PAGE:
I still use salt, but very judiciously. If anyone wants more, they can always add it at the table. In fact, you will probably consume less salt if you greatly reduce cooking salt (including salty condiments like soy sauce) and add a light sprinkle at the table. Having salt on the surface of the food gives your tongue the impression that the food is saltier than it is. Other foods that taste salty can add a lot of flavor with less sodium. Compare 1/2 teaspoon of salt (1200 mg) with one tablespoon of capers (255 mg.). When buying canned or jarred foods like beans or tomatoes, I choose the no salt added varieties, and if I buy prepared soup stock, it's always the low-sodium kind.
Salt, like sugar, is an addictive substance, and hard to give up. You can compensate by adding more aromatic seasonings like onions, garlic, herbs and spices. For example, I found an amazing, organic salt-free seasoning mix at Costco that we use on everything from broccoli to popcorn, if we want to bump up the flavor. Most vegetables taste delicious to me plain, but if I'm feeling creative, I may add grated garlic, fresh lemon juice and zest, toasted sesame seeds, or green onions and herbs. Real food tastes so much better to me now, I don't miss the salt.
What do we really eat?
Everything I post on the blog is something either my husband or I have cooked and eaten, but because I tend to post the better-looking stuff, you may get an unrealistic view of what we eat. Mostly we dine simply, with occasional gustatory splurges. Above you see a simple dish of steamed kale and puy lentils with carrots. The kale was enhanced with crushed red pepper, lemon and garlic, and the lentils were pretty plain, but delicious. This is how I like to eat.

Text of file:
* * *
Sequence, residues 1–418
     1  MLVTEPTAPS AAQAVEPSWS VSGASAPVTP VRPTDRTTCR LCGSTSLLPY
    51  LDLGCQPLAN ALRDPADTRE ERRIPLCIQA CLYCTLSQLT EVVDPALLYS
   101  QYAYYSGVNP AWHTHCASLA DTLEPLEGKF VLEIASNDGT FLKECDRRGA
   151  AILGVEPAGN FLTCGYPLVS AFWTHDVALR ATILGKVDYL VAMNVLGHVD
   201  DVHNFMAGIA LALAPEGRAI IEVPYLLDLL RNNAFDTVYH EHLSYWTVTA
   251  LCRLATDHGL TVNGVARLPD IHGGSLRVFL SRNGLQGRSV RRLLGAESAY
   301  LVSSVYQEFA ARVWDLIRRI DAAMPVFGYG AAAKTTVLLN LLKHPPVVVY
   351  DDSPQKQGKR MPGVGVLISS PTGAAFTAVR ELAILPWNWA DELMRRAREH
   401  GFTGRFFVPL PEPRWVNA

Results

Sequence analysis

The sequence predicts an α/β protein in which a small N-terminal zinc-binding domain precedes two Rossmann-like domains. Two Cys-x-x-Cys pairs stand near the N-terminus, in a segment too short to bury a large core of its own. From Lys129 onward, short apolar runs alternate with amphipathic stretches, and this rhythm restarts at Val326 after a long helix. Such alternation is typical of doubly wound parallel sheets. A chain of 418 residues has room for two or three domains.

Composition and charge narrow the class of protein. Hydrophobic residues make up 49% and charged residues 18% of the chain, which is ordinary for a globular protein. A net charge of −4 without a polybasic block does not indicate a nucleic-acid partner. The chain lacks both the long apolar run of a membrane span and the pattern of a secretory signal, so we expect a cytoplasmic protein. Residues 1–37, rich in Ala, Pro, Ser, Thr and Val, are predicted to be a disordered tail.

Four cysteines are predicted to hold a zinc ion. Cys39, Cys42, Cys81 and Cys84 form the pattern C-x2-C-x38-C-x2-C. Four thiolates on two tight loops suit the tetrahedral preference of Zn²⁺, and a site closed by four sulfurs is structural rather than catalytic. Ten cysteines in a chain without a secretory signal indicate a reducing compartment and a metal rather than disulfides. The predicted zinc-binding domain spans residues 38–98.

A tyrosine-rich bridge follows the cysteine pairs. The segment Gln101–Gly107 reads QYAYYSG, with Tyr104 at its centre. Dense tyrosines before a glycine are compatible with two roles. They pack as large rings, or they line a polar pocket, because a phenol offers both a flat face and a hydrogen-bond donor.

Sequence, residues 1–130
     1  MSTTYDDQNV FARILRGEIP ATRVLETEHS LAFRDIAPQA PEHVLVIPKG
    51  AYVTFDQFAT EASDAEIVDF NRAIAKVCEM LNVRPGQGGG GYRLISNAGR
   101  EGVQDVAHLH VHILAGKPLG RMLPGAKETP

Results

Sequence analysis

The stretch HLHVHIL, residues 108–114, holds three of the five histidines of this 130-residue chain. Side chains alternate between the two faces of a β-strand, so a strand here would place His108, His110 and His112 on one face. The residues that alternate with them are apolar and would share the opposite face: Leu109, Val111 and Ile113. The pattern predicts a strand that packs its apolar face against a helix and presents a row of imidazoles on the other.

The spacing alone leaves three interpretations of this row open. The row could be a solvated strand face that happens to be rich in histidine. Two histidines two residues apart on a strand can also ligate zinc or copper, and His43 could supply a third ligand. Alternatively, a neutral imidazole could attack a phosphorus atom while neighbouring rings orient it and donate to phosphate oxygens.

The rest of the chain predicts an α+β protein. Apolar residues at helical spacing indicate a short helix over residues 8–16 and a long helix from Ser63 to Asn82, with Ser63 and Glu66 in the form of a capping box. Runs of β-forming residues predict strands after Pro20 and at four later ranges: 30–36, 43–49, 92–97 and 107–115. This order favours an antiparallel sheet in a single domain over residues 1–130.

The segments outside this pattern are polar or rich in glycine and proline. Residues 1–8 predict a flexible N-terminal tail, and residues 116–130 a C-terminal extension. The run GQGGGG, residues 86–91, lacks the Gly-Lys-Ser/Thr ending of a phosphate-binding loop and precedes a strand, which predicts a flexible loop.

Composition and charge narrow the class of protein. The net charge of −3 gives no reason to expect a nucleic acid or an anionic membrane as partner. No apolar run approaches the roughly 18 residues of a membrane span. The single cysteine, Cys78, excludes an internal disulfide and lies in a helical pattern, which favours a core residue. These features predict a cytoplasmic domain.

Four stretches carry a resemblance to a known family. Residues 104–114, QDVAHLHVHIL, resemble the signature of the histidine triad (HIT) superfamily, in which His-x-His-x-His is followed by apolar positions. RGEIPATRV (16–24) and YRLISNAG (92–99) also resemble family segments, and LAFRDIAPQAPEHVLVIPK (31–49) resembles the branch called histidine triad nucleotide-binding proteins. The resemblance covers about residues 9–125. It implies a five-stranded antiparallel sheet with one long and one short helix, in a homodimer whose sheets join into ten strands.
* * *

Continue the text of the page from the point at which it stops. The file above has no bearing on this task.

And here's my breakfast — not very pretty but great tasting. It's rolled oats with raisins, banana, walnuts, frozen blueberries, cinnamon and almond milk — no added sugar or salt.
Above is a barley soup made with dried shiitake mushroom stock. (I've linked to a recipe for stock (dashi), but it's pretty flexible and can be made with or without the seaweed. It can also be soaked overnight in the refrigerator. Here's another.)
This was a yummy Indian dish called Batata Bhaji which I found on Holy Cow Vegan Blog.
Recipe testing for Urban Vegan
Shamefully simple chickpea chili
Shamefully simple chickpea chili served over rice with broccoli/mushrooms and salad
Tofu with broccoli and black bean sauce
Tofu with broccoli and black bean sauce served over noodles